IGBT-SiC chip cuts inverter costs

The hybrid silicon carbide and silicon transistor inverter outperforms pure silicon designs

Infineon has launched a 650 V hybrid silicon carbide (SiC) and silicon transistor for inverter designs (writes Nick Flaherty).

The CoolSiC Hybrid Discrete for Automotive combines a 50 A fast switching IGBT and a CoolSiC Schottky diode to reduce the cost compared to a pure SiC part but provide the high reliability needed in hard-switching bidirectional inverter designs and onboard chargers (OBCs).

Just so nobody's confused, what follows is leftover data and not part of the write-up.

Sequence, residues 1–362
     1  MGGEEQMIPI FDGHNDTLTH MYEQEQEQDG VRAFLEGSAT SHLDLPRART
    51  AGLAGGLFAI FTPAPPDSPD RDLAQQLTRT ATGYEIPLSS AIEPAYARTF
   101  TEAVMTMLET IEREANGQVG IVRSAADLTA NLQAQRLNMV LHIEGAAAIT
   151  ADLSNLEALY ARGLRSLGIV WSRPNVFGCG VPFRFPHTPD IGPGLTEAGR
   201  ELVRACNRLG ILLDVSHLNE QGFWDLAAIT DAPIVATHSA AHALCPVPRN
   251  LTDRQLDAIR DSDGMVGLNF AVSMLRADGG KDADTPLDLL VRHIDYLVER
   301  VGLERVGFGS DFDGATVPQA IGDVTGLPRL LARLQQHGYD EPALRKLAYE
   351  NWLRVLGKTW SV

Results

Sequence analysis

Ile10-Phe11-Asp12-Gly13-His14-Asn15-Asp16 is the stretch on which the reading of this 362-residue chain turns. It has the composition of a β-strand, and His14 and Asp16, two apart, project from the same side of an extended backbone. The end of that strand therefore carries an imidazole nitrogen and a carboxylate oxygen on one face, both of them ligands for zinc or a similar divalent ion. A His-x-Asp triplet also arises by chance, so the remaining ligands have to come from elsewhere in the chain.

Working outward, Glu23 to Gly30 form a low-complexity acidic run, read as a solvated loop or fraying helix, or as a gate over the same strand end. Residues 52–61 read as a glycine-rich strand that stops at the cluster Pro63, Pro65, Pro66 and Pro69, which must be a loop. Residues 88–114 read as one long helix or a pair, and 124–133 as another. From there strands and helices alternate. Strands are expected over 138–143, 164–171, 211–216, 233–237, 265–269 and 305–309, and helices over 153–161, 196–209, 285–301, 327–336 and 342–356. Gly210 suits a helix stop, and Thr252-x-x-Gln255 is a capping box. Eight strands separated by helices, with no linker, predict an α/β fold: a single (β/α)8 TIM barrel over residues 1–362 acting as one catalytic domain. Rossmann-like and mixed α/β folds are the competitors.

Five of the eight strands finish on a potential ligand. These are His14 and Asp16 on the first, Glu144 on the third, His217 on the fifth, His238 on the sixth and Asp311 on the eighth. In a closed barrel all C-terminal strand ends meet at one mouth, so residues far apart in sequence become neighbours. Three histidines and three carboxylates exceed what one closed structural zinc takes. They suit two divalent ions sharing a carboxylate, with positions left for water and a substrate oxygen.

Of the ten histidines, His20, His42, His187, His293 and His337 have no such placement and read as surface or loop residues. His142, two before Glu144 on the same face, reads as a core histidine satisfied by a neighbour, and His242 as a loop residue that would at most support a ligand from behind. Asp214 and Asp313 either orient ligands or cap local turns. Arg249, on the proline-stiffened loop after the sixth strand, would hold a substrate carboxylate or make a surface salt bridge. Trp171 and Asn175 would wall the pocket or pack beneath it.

he IGBT enables MOSFET-like turnoff behaviour, outperforming pure silicon architectures as a drop-in replacement with existing silicon driver control chips. This achieves 95-97% system efficiency compared with 99% for an SiC design but at a lower system cost.

Using the SiC diode cuts power losses by 30% and a maximum junction temperature of 175 C in a hard-switching design, leading to lower cooling requirements.

Shenzhen VMAXPower, in China, is using the hybrid device in its next generation OBC/DC-DC system.

“The CoolSiC Hybrid Discrete allows us to simplify driver design, accelerate product development, lower costs and increase system robustness,” said Xu Jinzhu, director of r&d at VMAX.

“The integrated SiC diodes further optimise the EMC characteristics of the system. This results in greater performance benefits and a better price performance ratio in topologies such as totem-pole PFC and DAB.”